between the ac systems. The directions of the SCRs are such that current io will
be positive as shown in the line.
In this scheme, one converter operates as a rectifier (power flow from ac to dc),
and the other terminal operates as an inverter (power flow from dc to ac). Either
terminal can operate as a rectifier or inverter, with the delay angle determining
the mode of operation. By adjusting the delay angle at each terminal, power flow
is controlled between the two ac systems via the dc link.
The inductance in the dc line is the line inductance plus an extra series
inductor to filter harmonic currents. The resistance is that of the dc line conductors. For analysis purposes, the current in the dc line may be considered to be a
ripple-free dc current.
R
+
AC
System
1
L
–
io
vo1
vo2
–
+
AC
System
2
DC
Transmission
Line
io
+
Vo1
–
R
–
Vo2
+
Figure 4-24 (a) An elementary dc transmission system; (b) Equivalent circuit.
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Voltages at the terminals of the converters Vo1 and Vo2 are positive as shown
for between 0 and 90 and negative for between 90 and 180. The converter
supplying power will operate with a positive voltage while the converter absorbing power will have a negative voltage.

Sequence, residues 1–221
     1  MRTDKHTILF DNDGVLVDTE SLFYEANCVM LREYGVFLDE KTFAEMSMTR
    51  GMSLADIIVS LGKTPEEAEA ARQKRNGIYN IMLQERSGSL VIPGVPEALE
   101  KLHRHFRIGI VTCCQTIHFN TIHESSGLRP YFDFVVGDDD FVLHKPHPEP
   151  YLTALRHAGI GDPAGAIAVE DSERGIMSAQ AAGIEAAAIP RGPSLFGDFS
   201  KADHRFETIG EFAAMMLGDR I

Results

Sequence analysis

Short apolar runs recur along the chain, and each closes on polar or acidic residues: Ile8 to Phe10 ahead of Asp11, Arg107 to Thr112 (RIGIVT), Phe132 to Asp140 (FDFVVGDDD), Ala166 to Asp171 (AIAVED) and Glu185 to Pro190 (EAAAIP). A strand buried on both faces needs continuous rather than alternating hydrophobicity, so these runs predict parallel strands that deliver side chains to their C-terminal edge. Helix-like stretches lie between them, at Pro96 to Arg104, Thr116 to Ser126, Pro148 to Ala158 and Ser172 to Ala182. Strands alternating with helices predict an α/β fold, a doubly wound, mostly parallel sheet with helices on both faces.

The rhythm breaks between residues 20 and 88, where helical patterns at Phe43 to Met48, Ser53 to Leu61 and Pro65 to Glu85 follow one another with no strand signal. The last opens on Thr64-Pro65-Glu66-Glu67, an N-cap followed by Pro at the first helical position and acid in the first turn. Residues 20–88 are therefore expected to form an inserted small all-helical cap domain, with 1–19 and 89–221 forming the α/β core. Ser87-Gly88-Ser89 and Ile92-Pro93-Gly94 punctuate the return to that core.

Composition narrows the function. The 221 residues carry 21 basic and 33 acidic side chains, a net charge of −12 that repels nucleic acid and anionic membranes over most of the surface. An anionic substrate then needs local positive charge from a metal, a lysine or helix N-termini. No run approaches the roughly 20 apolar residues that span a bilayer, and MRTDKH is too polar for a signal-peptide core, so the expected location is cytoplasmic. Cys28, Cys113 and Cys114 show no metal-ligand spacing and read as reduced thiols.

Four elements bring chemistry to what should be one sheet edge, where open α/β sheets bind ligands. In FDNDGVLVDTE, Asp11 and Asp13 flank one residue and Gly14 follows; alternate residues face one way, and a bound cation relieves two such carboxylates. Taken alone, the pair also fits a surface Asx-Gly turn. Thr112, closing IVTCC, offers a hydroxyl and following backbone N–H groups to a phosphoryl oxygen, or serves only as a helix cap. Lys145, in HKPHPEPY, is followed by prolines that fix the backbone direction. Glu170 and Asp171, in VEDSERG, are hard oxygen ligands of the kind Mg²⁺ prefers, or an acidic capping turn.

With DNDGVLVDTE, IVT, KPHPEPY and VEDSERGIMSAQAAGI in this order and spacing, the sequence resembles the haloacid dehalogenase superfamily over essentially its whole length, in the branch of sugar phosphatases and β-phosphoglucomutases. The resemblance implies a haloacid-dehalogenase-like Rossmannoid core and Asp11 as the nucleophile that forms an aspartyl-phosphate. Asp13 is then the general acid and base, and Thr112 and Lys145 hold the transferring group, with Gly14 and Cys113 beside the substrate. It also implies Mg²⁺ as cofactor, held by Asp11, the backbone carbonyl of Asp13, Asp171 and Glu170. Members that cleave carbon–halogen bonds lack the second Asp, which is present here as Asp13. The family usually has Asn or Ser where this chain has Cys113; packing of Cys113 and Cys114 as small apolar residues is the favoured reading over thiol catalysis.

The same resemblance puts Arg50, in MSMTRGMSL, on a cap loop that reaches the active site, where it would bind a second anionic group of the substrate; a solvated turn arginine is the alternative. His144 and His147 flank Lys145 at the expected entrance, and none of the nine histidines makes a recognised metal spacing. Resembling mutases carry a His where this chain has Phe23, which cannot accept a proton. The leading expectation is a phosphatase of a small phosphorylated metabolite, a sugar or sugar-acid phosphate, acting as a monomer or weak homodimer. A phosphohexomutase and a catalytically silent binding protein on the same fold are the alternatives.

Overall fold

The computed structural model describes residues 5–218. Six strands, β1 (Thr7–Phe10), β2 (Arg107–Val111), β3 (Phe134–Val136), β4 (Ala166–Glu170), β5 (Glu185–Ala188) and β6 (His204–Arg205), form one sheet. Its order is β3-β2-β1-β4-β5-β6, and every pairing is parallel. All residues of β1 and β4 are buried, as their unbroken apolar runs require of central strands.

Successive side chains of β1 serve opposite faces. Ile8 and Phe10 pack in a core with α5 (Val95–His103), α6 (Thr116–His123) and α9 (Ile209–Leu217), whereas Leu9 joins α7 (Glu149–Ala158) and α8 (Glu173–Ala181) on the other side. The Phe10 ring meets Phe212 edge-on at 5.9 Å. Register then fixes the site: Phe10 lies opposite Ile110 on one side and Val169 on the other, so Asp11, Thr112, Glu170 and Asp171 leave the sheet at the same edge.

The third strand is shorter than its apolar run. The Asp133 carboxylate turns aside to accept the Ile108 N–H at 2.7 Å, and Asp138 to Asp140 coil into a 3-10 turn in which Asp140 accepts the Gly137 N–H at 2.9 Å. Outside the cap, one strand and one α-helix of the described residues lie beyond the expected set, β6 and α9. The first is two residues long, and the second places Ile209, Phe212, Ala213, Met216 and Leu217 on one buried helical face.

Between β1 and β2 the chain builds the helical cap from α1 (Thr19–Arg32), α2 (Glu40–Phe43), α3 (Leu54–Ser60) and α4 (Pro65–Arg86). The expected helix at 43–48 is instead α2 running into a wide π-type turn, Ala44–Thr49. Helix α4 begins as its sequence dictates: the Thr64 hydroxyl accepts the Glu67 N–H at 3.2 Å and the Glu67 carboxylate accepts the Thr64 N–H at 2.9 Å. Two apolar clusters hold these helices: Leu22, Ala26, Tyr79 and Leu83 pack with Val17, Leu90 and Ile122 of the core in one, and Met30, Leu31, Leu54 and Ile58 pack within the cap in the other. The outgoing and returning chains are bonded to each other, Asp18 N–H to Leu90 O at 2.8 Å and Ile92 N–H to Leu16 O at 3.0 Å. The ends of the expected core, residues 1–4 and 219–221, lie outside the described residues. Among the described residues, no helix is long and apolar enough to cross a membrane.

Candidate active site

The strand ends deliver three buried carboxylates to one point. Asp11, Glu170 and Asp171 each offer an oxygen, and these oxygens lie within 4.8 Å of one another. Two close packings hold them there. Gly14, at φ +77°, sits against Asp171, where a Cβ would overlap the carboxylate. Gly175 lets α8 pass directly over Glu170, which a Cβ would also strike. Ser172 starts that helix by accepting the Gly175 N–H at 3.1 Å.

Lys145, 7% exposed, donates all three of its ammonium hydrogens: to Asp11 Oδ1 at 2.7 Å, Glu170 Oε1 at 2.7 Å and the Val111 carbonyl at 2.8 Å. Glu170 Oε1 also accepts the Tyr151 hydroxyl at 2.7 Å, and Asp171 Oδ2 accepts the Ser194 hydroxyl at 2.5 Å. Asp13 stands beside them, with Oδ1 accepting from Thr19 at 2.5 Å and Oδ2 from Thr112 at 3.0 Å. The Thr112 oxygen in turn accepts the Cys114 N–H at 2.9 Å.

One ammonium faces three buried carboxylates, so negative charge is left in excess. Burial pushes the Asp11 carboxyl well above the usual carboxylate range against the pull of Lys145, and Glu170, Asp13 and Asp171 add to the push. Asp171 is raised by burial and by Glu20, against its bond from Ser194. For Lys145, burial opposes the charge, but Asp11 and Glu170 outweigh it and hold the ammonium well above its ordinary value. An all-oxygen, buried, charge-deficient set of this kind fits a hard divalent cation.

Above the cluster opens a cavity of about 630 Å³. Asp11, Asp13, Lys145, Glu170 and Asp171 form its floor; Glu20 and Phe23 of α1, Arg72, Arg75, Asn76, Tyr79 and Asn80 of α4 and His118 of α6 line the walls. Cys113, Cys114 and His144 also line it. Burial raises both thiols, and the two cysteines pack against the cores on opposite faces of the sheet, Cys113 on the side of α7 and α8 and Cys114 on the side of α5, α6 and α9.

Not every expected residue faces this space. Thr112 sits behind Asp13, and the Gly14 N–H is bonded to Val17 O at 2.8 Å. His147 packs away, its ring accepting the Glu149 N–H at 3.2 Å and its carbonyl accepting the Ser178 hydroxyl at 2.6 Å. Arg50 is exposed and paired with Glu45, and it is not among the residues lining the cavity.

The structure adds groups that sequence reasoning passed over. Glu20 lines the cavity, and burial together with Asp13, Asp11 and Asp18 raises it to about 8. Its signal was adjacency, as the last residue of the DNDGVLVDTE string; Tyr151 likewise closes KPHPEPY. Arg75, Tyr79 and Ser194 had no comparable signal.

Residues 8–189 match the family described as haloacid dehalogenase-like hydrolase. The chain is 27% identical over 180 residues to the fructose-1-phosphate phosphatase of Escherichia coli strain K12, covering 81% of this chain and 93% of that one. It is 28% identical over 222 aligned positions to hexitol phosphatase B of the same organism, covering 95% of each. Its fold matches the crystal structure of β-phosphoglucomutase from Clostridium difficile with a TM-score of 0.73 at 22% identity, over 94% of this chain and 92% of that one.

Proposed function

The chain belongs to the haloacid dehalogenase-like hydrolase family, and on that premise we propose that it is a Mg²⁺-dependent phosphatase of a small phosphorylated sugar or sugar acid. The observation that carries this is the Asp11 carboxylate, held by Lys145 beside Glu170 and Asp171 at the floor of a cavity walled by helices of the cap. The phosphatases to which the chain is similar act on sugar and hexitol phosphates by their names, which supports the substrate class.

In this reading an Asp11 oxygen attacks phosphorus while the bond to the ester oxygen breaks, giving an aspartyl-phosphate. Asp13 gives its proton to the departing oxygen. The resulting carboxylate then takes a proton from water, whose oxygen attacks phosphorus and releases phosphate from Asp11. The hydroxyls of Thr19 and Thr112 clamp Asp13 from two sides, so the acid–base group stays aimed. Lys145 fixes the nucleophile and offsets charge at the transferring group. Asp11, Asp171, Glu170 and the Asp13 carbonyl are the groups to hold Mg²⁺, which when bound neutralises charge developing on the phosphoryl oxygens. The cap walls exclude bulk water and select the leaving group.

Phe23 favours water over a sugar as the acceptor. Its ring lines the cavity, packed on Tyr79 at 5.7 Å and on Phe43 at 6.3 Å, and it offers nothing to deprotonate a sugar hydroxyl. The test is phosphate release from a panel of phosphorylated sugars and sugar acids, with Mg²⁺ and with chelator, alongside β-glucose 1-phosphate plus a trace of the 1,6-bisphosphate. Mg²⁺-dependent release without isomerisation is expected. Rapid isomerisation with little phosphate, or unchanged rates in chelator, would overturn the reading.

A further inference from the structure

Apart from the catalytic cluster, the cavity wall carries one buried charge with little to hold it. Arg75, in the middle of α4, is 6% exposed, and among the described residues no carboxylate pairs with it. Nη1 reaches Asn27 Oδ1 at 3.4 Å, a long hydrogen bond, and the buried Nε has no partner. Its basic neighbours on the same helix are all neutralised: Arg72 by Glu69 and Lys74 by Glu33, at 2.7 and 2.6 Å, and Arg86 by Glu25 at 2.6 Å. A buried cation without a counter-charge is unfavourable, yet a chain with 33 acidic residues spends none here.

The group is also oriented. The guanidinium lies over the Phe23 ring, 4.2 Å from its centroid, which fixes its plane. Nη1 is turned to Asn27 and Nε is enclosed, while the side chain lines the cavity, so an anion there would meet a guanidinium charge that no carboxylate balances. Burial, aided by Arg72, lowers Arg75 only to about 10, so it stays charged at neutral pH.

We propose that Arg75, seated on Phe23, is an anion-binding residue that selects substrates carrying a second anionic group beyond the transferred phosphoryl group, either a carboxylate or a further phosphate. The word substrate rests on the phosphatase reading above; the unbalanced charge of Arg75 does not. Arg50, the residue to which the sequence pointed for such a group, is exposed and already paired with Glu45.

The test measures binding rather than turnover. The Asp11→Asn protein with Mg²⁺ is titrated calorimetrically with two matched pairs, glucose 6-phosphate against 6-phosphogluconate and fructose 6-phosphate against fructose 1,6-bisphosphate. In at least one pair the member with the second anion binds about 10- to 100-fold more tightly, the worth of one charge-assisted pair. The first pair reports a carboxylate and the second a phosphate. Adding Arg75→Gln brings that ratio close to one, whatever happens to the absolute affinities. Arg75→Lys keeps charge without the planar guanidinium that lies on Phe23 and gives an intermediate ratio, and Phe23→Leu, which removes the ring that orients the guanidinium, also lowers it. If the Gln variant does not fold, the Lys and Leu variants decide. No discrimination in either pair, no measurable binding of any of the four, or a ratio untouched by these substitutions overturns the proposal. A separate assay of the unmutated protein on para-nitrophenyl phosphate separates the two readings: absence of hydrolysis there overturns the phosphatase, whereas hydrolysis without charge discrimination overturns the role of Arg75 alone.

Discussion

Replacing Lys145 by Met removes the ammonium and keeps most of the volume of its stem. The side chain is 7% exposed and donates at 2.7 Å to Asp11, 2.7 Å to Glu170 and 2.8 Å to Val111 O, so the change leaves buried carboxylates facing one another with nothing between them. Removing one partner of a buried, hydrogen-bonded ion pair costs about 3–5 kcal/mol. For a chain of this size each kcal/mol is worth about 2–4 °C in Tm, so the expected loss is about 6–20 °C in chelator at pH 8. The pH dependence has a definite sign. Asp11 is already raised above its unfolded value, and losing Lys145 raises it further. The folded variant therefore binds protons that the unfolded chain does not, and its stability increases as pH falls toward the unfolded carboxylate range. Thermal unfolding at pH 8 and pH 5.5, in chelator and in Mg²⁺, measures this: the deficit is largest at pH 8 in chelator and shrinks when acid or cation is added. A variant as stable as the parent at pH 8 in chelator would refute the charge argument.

With converter 1 in Fig. 4-24a operating as a rectifier and converter 2 operating as an inverter, the equivalent circuit for power computations is shown in
Fig. 4-24b. The current is assumed to be ripple-free, enabling only the dc component of the Fourier series to be relevant. The dc current is
Io Vo1 Vo2
R
(4-54)
where
3Vm1, LL
cos 1
3Vm2, LL
Vo2 cos 2
Vo1 (4-55)
Power supplied by the converter at terminal 1 is
P1 Vo1 Io
(4-56)
Power supplied by the converter at terminal 2 is
P2 Vo2 Io
(4-57)
EXAMPLE 4-15
DC Power Transmission
For the elementary dc transmission line represented in Fig. 4-24a, the ac voltage to each
of the bridges is 230 kV rms line to line. The total line resistance is 10 , and the inductance is large enough to consider the dc current to be ripple-free. The objective is to transmit 100 MW to ac system 2 from ac system 1 over the dc line. Design a set of operating
parameters to accomplish this objective. Determine the required current-carrying capacity of the dc line, and compute the power loss in the line.
■ Solution
The relationships that are required are from Eqs. (4-54) to (4-57), where
P2 IoVo2 100 MW